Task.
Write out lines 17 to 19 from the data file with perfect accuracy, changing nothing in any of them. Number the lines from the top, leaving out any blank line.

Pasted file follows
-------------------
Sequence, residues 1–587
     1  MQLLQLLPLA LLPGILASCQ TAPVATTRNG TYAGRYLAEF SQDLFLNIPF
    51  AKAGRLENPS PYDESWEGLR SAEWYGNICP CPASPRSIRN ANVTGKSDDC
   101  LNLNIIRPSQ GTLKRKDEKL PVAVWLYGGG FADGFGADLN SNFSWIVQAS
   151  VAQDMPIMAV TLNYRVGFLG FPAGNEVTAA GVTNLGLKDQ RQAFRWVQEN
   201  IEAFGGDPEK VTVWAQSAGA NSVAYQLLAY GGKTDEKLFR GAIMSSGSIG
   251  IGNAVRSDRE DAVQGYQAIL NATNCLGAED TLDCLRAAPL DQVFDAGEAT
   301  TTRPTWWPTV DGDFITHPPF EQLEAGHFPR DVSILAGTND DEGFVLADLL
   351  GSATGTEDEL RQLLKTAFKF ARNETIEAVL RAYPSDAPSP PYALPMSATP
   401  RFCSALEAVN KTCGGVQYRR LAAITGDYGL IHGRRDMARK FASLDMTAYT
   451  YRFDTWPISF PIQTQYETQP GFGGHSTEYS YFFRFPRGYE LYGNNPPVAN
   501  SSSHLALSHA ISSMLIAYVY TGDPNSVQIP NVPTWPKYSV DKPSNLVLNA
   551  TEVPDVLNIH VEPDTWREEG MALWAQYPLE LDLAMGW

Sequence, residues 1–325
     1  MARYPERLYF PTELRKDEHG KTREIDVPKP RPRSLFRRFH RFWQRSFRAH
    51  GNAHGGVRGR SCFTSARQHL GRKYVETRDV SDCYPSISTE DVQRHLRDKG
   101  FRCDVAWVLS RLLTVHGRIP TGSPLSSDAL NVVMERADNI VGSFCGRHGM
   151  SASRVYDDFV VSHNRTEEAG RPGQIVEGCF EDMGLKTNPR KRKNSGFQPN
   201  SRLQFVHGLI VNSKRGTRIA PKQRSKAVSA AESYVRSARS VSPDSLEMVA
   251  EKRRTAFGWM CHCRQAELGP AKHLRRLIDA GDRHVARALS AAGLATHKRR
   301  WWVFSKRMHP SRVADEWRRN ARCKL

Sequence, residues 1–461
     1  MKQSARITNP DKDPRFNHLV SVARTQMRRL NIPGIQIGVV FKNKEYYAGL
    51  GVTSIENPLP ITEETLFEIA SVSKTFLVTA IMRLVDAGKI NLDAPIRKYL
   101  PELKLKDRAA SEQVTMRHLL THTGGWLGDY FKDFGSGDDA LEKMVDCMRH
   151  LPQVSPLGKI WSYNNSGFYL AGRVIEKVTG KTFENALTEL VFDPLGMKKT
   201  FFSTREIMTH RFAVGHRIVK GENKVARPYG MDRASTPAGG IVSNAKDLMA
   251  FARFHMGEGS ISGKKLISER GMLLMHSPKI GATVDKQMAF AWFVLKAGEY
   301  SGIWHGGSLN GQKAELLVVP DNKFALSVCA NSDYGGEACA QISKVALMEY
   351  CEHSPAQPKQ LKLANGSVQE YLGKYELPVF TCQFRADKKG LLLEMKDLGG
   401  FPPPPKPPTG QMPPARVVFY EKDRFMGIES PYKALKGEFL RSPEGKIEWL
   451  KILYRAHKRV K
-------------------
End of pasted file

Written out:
   101  FRCDVAWVLS RLLTVHGRIP TGSPLSSDAL NVVMERADNI VGSFCGRHGM
   151  SASRVYDDFV VSHNRTEEAG RPGQIVEGCF EDMGLKTNPR KRKNSGFQPN
   201  SRLQFVHGLI VNSKRGTRIA PKQRSKAVSA AESYVRSARS VSPDSLEMVA